A particularly important publication with regard to this position is the booklet “The Fundamental Principles of Disability”, published in 1976 by the Union of the Physically Impaired Against Segregation (UPIAS) – one of the first organizations of disabled people in the UK. Considered a foundational document of the UK Disabled People’s Movement, the
“Fundamental Principles” contains the text of a debate between UPIAS and the Disability Alliance (a federation of organizations concerned with disability, including both those ‘of’ and ‘for’ disabled people). This debate emerged within the context of earlier disagreements between UPIAS and the Disability Incomes Group (DIG), another early British disabled people’s organization, on how best to achieve social inclusion for disabled people. DIG, as its name suggests, advocated a state-granted ‘disability income’ or ‘pension’ for disabled people; whereas, UPIAS took the position that this constituted another form of the paternalistic ‘charity’ approach that disabled people needed liberating from:

...the alternative to an ‘incomes’ (or more properly, ‘pensions’) approach to the particular poverty in disability is to struggle for changes to the organisation of society so that employment and full social participation are made accessible to all people, including those with physical impairments.... [I]t is necessary to go forward with the serious struggle for the right to paid, integrated employment and full participation in the mainstream of life. (Union of the Physically Impaired Against Segregation [UPIAS] 1976, p. 15)iv

This belief that inclusion in paid employment was essential for liberation from disablement was not limited to UPIAS. Another notable early example from the UK Disabled People’s Movement is that of Allan Sutherland, a founder member of the Liberation Network of People with Disabilities (a group contemporary with UPIAS, which was based more on feminist-influenced ‘consciousness-raising’ activities.v In his chapter on employment in Disabled We Stand (Sutherland, 1981, pp. 33–44), Sutherland focuses on physical and attitudinal barriers to employment for disabled people, including discrimination by employers and the inflexibility of the way work is organized. He does not, however, ever discuss the possibility that some disabled people may be unable to work at all, and he argues that society can best be made less disabling and more accessible by having disabled people employed in all professions. (Sutherland’s only mention of state benefits is to argue that some are available only to disabled people who are already in work, and that this constitutes a barrier to employment.)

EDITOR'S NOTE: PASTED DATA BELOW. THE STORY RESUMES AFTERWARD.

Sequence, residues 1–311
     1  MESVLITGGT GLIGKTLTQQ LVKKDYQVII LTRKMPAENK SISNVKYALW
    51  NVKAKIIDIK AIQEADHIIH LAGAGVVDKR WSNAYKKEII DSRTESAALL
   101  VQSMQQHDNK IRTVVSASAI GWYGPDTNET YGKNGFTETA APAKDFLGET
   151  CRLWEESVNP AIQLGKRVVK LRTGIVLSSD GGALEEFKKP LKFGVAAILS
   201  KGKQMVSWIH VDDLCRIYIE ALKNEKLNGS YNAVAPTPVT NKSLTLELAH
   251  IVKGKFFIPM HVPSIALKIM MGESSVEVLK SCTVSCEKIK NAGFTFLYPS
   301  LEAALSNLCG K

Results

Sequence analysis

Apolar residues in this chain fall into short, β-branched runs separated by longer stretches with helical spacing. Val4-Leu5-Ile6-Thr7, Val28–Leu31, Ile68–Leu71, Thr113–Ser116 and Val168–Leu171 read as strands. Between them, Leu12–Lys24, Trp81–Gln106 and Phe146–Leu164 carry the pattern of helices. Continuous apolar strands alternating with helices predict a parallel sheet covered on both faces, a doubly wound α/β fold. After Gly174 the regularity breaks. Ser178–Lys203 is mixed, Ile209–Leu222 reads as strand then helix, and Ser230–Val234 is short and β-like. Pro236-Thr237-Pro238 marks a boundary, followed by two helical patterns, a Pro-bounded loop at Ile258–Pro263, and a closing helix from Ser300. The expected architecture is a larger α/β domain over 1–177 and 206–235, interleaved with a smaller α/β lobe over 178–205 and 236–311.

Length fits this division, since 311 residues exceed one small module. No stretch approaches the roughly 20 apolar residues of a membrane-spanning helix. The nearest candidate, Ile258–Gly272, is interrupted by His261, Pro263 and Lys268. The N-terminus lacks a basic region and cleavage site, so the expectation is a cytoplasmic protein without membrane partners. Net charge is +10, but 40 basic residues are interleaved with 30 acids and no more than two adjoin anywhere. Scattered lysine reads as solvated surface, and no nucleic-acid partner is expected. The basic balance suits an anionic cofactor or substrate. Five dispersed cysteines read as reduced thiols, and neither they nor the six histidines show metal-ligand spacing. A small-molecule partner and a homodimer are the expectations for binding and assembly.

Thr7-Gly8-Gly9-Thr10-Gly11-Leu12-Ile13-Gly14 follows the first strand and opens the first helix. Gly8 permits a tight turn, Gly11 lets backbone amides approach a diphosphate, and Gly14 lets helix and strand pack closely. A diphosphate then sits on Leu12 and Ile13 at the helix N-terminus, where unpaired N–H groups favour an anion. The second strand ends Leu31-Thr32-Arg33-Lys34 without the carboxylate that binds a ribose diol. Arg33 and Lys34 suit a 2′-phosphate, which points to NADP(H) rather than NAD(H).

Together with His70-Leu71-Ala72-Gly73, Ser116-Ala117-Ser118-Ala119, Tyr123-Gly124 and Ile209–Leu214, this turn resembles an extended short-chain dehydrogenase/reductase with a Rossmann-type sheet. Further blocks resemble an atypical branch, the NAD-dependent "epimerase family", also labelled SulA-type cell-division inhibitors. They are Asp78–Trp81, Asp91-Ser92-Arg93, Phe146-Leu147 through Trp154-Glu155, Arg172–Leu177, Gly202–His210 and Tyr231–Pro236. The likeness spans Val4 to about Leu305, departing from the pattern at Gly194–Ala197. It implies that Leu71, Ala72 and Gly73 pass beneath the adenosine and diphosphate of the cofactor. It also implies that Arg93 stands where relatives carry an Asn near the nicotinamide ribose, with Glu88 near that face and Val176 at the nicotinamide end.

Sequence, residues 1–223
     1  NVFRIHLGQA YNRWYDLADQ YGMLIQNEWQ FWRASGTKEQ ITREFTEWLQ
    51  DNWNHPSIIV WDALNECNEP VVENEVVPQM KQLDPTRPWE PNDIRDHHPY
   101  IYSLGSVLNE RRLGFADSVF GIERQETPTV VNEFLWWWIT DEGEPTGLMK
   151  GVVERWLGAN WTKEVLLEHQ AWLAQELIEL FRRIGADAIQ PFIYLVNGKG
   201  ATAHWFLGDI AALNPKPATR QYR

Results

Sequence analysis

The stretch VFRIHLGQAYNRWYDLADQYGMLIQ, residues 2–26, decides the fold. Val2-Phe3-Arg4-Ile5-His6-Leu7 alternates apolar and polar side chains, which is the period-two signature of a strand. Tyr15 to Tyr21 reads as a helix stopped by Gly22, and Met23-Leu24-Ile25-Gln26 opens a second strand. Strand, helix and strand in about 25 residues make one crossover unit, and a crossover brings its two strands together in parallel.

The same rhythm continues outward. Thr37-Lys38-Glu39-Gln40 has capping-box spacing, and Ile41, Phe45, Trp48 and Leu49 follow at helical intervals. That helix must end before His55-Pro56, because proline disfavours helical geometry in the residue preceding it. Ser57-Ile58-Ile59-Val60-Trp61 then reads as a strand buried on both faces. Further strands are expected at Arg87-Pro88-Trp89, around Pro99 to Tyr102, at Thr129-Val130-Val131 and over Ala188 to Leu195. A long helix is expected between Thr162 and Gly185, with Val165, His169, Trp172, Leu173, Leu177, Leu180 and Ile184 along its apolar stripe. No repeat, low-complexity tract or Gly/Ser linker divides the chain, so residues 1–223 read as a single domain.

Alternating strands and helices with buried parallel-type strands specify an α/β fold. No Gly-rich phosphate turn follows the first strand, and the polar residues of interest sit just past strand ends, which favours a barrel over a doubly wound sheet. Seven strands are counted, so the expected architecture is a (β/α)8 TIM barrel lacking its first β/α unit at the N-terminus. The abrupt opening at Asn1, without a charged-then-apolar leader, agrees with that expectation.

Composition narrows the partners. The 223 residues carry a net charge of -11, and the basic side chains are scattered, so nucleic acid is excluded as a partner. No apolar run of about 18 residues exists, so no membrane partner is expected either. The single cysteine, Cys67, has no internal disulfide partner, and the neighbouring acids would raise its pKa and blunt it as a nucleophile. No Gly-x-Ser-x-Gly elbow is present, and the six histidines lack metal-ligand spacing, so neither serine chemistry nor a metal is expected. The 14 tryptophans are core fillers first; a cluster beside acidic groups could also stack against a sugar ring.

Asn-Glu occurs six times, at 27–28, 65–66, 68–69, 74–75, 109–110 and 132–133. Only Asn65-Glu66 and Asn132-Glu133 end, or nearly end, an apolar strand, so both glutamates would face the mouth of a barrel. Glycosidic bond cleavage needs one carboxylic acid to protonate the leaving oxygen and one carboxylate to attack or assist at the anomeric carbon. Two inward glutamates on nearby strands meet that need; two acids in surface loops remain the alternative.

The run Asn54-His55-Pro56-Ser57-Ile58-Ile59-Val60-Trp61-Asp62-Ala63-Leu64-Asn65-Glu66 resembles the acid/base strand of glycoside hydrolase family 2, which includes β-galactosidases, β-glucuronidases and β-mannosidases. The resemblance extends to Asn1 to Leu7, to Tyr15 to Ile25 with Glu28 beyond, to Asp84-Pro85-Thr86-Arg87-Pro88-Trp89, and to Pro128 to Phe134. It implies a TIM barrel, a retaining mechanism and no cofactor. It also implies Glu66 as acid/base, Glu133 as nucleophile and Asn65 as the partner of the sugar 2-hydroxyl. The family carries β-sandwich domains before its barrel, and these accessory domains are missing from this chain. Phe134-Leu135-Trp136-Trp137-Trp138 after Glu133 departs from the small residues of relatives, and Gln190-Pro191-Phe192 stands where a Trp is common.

In more recent years this position has shown itself in, for example, protests by disabled people against workfare and the exploitation of disabled people on ‘work preparation’ schemes run at ‘adult training centres’ using slogans such as “Real Jobs for Real Pay”, and in some activists in the Disabled People’s Movement perceiving campaigns to defend welfare benefits as antithetical to ‘pride’ and ‘self-respect’. For example, veteran activist Alan Holdsworth (2012) argues that focusing on disabled people’s vulnerability and inability to work “portray[s] us as pathetic, helpless and dependent’ and that ‘benefits... only serve to extend the poverty trap unless they are still there to ensure equality in the workplace” (para. 24; 22) reiterating almost word-for-word the arguments of UPIAS (1976, pp. 15–16) against DIG. Activists like Holdsworth have valid concerns about charities and other organizations not run and controlled by disabled people portraying themselves as the face of ‘disability rights’ activism and undermining the cause of disabled people’s liberation by reinforcing perceptions of disabled people as passively ‘tragic’ and in need of salvation by non-disabled However, they still portray ‘the workplace’ both as attainable for all disabled people and as a route to liberation.

Dissenting perspectives